Traditional methods for testing water

Heterotrophic Plate Count (HPC) is the procedure traditionally used to estimate the number of viable organisms in a sample of water.  Three different methods – (i) spread plate; (ii) pour plate; and (iii) membrane filtration – are utilized with different types of media.  Although these methods are widely accepted, there are some disadvantages.

  • In the pour plate technique, organisms are suspended in agar until the media cools.  During this time, damaged organisms are susceptible to heat shock from the higher temperature of the agar.  Also, because the colonies are surrounded by agar, the count of obligate anaerobes becomes compromised.
  • If an automated spreader is used in the spread plate method, heavy growth of colonies may make counting of colonies difficult, rendering counts non-applicable.
  • When filtering water, samples may contain suspended solids that cannot pass through the filter, interfering with accurate counts.

Due to different techniques and different types of media used, the counts achieved may vary significantly.  In addition to multiple protocols and media, temperature and incubation time vary.  Samples may be incubated anywhere from a few hours to 7 days or even a few weeks at temperatures ranging from 20°C to 40°C.  This makes processing water samples laborious with much data collection.

Rapid Detection with the BioLumix System 

BioLumix is the most advanced microbiological testing system of its kind. This automated, all-in-one microbial testing system is extremely easy to operate. The system is both simple and cost-effective, revolutionizing your current testing methodology. A novel optical system sensing color and fluorescence in ready-to-use vials provides faster results, labor savings, automation, and connectivity. The system has a large repertoire of assays that it can perform including: Total Aerobic Count, Yeast and Mold, Coliforms, Enterobacteriaceae, E. coli, Pseudomonas, Staphylococcus, and Salmonella.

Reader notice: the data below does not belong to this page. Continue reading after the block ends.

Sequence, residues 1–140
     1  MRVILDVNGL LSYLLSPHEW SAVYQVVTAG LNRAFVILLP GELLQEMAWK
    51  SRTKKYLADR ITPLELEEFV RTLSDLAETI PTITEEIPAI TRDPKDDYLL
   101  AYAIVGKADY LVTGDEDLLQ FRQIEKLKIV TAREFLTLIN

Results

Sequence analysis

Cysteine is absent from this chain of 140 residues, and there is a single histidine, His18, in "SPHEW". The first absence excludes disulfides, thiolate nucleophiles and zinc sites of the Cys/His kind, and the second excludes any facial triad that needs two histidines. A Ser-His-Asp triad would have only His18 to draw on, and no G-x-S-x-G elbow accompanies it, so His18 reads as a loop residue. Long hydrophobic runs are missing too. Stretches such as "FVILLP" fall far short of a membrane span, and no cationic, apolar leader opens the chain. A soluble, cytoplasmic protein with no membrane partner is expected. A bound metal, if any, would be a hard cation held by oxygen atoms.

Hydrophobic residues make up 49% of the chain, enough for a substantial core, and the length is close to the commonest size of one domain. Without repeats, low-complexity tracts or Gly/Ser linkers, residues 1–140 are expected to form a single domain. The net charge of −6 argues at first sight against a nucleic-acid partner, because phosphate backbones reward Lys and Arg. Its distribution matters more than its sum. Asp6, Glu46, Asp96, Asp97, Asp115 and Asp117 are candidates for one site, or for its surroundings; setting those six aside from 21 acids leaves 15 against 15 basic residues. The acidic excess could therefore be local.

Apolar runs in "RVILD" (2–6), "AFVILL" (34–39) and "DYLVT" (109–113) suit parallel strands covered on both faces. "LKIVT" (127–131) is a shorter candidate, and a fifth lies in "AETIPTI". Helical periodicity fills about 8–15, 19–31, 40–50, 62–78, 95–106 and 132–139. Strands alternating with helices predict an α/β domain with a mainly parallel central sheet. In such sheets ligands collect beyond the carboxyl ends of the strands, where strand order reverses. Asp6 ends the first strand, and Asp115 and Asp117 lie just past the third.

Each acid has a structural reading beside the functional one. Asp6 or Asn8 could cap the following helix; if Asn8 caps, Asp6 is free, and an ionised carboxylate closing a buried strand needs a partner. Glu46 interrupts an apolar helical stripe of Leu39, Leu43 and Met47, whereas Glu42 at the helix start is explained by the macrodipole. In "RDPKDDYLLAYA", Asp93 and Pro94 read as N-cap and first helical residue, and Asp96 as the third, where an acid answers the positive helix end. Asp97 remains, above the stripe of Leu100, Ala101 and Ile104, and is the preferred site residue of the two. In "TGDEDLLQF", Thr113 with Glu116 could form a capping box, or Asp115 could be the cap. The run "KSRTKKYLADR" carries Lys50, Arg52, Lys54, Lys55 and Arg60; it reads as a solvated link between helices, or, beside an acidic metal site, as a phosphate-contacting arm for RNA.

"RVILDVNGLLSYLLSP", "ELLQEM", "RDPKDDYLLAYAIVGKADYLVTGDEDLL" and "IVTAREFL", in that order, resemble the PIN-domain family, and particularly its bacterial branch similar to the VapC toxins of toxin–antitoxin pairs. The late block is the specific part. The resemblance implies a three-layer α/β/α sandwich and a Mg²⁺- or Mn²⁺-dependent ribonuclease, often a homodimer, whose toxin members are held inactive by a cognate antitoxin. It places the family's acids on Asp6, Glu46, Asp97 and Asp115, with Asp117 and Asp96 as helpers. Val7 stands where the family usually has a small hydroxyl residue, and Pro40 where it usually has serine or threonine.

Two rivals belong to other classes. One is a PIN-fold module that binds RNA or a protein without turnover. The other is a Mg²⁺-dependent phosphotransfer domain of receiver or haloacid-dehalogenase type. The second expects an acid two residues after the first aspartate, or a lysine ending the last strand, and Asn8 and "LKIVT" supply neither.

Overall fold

Recently a new assay for the detection of Heterotrophic bacteria in water was developed for the BioLumix system.  The developed assay was validated by testing 50 samples of multiple types of water that were tested by the BioLumix method and the plate count method side-by-side.  The BioLumix vials were directly inoculated with 0.1 mL of the water sample, or 1.0 mL of a 1:100 dilution (depending on the desired specified level), and a few water samples were inoculated with heterotrophic bacteria.  These samples were monitored in the BioLumix instrument for 35 hours.  Figure 1 shows the curves obtained.

Final results were seen in the BioLumix system roughly 13 hours faster than the plate count method using Standard Methods Agar.  These particular samples were tested at specified levels <10 cfu/mL and <100 cfu/mL, but the BioLumix method can detect organisms at a level of <1 cfu/mL of water.  The BioLumix system is faster, less labor-intensive, and more sensitive than the plate count method. 

  Caron Ockerman